As Böhme illustrates, the evolution of the human lineage is complex. A crucial event occurred around 25 million years ago, when the apes and Old World monkeys originated from a common ancestor in East Africa. The monkeys flourished in Africa, but as time went on the apes dwindled, until around 16 million years ago some reached Europe, where they thrived. Climatic changes in Europe, including increased seasonality, seem to have favored their diversification, and twelve genera are now known from the European Miocene, varying from gibbon-like creatures that swung through the forest canopy to gorilla-sized, presumably terrestrial ramblers.
As oak and beech trees started to crowd out the tropical vegetation that had dominated Europe till then, the apes were forced to alter their diet. Depending on which part of Europe they lived in, they had to go for between two and four months without fresh leaves, fruits, or nuts. Around 15 million years ago, a genetic mutation occurred that resulted in their inability to produce uricase, the enzyme used by mammals to break down uric acid so that it can be excreted in urine. This mutation led to high levels of uric acid in the apes’ blood, allowing them to rapidly convert fructose into fat. And fat, stored in the liver and other tissues, is an energy reserve that made it possible for the apes to survive lean seasons.
I often curse this adaptation, for I’m a victim of that singularly painful condition, gout, which is caused by a buildup of uric acid in the blood. Were it not for the availability of uricase in pill form (thank God for modern medicine!), I’d be a bedridden old grouch by now. But gout is just one of the many “diseases of civilization” inflicted on us by this adaptation in our ape ancestors. Diabetes, obesity, high blood pressure, and heart disease are all related to some degree to the loss, in some long-extinct European ape, of the ability to remove uric acid from the blood.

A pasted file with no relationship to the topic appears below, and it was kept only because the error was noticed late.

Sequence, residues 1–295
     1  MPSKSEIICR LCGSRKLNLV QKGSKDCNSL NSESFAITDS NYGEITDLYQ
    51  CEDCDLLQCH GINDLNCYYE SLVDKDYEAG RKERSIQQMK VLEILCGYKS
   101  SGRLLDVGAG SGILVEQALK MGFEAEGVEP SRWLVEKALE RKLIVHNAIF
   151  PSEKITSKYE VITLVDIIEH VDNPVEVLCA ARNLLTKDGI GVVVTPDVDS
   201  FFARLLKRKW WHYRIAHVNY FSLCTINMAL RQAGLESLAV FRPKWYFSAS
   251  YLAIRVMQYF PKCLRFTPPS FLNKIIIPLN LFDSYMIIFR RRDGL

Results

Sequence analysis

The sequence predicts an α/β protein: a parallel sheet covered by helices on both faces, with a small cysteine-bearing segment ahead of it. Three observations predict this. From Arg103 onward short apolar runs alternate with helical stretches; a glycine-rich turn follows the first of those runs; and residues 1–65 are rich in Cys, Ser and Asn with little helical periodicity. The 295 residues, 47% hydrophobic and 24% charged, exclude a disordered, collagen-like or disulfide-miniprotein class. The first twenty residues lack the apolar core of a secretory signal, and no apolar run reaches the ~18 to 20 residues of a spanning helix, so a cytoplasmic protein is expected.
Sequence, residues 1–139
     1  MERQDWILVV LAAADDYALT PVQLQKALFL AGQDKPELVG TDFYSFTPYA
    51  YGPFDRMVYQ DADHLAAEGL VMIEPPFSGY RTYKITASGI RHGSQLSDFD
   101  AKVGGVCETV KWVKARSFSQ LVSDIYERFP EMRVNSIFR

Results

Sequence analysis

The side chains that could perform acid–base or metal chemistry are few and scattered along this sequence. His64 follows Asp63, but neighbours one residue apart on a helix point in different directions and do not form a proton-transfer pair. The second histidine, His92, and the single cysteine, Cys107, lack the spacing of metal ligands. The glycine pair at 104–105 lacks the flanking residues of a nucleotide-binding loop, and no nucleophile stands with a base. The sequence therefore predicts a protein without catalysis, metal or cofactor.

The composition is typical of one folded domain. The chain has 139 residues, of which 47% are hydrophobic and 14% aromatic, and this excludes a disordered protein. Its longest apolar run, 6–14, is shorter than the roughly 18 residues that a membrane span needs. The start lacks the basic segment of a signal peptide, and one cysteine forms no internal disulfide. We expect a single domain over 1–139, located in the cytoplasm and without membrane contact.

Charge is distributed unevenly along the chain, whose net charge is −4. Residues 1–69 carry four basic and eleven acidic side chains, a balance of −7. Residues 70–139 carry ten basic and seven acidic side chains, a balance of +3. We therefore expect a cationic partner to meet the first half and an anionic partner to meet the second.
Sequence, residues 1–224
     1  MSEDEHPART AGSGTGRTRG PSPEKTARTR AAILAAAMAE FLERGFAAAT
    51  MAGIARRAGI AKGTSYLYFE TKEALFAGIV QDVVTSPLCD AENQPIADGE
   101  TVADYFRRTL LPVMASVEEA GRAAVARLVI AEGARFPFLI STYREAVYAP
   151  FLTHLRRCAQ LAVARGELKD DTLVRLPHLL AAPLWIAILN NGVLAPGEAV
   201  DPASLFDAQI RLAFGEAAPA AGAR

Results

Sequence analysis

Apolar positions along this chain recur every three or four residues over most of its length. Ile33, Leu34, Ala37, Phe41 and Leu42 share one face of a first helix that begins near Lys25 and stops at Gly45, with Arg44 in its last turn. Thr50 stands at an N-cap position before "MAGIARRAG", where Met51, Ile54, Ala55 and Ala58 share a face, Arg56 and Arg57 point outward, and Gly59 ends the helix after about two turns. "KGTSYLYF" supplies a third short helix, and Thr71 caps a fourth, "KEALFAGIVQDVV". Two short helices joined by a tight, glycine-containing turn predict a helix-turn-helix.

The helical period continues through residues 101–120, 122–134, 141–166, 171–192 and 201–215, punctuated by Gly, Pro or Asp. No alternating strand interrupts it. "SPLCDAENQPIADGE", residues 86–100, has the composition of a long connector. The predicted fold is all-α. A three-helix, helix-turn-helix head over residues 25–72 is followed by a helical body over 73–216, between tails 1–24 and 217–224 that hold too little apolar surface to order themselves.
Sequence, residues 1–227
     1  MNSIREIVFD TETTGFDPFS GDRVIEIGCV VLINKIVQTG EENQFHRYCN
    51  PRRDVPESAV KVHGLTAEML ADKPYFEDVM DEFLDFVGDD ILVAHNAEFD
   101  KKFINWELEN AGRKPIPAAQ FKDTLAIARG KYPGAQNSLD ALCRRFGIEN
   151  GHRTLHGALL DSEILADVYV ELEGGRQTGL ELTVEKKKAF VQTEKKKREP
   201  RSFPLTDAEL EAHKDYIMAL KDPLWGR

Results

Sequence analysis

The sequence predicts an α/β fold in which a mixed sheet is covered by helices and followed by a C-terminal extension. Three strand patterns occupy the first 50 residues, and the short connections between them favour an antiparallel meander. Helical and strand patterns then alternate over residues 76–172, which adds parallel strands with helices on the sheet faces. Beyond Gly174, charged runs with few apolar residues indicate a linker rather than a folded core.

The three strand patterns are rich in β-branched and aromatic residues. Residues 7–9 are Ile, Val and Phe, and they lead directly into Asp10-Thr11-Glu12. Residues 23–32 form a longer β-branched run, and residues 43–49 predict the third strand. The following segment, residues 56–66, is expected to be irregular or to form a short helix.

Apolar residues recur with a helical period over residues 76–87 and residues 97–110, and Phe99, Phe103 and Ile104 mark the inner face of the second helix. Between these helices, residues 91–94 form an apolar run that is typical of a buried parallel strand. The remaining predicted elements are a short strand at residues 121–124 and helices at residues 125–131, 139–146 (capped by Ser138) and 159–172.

One of Böhme’s most important fossil finds was made near Kaufbeuren, in southern Germany. There, while visiting a lignite pit, she examined small black lumps of what was supposedly coal, only to discover that they were ancient bones. The deposit was about to be mined and destroyed, and, with no alternative, Böhme asked that twenty-five tons of fossil-rich sediment be scooped up and dumped where paleontologists could sort through it without interrupting the quarrying. After two field seasons of arduous work, she recovered 15 percent of the skeleton of a single great ape, along with fragments from three others. Named Danuvius guggenmosi, the creature had lived 11.62 million years ago, in a subtropical environment. At just three feet tall and weighing around sixty-five pounds, Danuvius had big, powerful thumbs and toes and an elongated lower back that permitted an upright stance. Böhme quips that “from the waist up he looked like an ape and from the waist down he looked like an early hominin.” Danuvius is in fact one of the candidates for the last common ancestor of chimps and humans.